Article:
From June 2011 until January 2012, I devoted more than 650 hours creating a new book entitled The Oy Way, and its creation dominated my life. That was only the beginning.
Once you create anything for the public, you have to promote it and make its presence known, if you really want to sell it and make a bisl gelt from all of your efforts.
Bisl is the operative word.
Not Starring Robert Redford
The Oy Way will not be acquired by a Hollywood studio and made into a movie starring either Robert Redford or Morgan Freeman. It might make it on to You Tube or even Facebook one day.
You need a plan on how to generate sales and the possibilities include getting book reviews in newspapers and magazines, garnering broadcast interviews locally and with celebrities such as Jay and David, sending out emails to the 1859 people on all of your mailing lists, selling through bookstores, and personal sales when you make a presentation.
Each of these entities offer fantastic possibilities, but they are all time consuming and together add up to investing at least four hours a day, every day.
The Inside Story
The results are sometimes gratifying, other times frustrating, and many are questionable. On a bright, sunny day when I am ensconced in my room in front of a computer, I may gently say, “Why are you doing this?” Actually the verbiage is usually much louder and coarser.
Reviews are very important for if a publication with even only twenty thousand readers writes something favorably about your book, that could generate a decent amount of sales. To get a review requires a sales pitch to convince an editor to devote space writing about your creation.
You have to make the initial editorial contact by phone, write a sales letter or an email, or go meet an editor in person, and tie the book and its author into the publication offering a specific and unique story angle.
We did get three or four reviews by “courting” editors and also doing the same with bookstores. In Santa Cruz, there are three independent bookstores; two combine new and used books, and the third sells mainly used books.
When I approached the largest, they accepted fifteen books on consignment but could offer me no event date until the fall to make a presentation. The used bookstore reluctantly said that they would accept one book but only after I filled out a two-page form. The third bookstore said that they would take five books on consignment, and would schedule a Monday or Wednesday date, but only if I could guarantee forty people would attend and at least twenty books would be sold.
Only One Thing Is Guaranteed In Life
I could easily guarantee the forty people; all I would have to do is rent a bus and gather forty homeless people, however books sales would not be forthcoming.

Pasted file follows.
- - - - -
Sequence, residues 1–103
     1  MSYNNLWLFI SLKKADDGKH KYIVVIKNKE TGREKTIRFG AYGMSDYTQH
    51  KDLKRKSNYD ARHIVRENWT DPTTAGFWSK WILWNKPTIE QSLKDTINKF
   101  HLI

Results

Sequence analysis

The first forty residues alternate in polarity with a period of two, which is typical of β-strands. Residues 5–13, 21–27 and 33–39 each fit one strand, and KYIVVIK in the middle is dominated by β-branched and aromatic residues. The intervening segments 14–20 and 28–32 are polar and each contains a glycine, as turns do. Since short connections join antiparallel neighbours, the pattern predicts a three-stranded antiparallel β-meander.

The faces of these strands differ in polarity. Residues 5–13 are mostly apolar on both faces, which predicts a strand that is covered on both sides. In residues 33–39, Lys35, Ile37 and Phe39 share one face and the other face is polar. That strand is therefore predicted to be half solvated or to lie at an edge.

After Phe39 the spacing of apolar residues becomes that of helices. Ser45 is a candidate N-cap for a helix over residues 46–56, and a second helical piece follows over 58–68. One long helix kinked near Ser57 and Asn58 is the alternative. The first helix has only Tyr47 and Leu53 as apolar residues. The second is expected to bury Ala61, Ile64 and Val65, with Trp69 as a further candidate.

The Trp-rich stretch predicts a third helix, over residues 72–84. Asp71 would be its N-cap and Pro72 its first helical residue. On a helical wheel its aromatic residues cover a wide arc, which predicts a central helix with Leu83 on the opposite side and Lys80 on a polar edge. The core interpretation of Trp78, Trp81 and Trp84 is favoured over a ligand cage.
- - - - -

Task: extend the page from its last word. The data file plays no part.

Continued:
The event planner said if I could get media coverage, they would do it, which meant another courtship. So I sent a review copy of the book to the arts editors at the one daily newspaper, at the two weekly newspapers, at one monthly publication, and to the morning talk show host at the nearby radio station. When I told the bookstore event planner that I was about to get full-page coverage in one daily and one weekly newspaper, and I was be interviewed at 7:10 AM at the radio station, she scheduled me for Monday, April 9 at 7:30 PM. I then sent out emails to about ninety people in the area, prodding them to attend.
My wife Carmen and I arrived at 7:10 PM with twenty-five books already autographed in Yiddish, and counted sixty seats set up for my presentation. However, there were only four people sitting in those seats including an eight-year-old elderly woman who greeted me in Yiddish. “Elderly?”
“Oy Vey,” she’s only four years older than I am.
“Knock. Knock.” “Who’s There?”
People slowly trickled in, and by 7:30 PM all sixty seats were occupied, with another ten people standing. Among those in the audience were four of my neighbors, whom I had personally invited, a friend who I first met in 1970 and hadn’t seen for more than a year, another friend whom I met in Israel in 1975, a former student from the 1980s, my daughter and wife, and a man who said “My name is Mark. Do you remember me?” After the earthquake of 1989, he had been one of the bus drivers who took many others and me over the mountains to San Jose, including two former professors who were in attendance.
I was enthused and gave a dynamic performance, sold twenty books including one to a local literary gadfly in her eighties who called herself “The $2 lady,” not because of what she sold but because of what she paid. She always carried a supply of two-dollar bills and would give one as a tip to jazz musicians or others who performed in the arts world. She gave one to my daughter (the book’s photographer), one to my wife (a leading model in the book), and one $2 bill to me, but only if we promised to keep it in our wallets for good luck and didn’t spend it foolishly on liquor or smokes. I gave her a copy of my book in return.
You can find out more about The Oy Way and even buying it by going here, or just stop by my house; then I can personally autograph it in Yiddish. Please call first.
Part Two of the publishing, promoting and pushing of the book will be coming as soon as I do more promoting and pushing.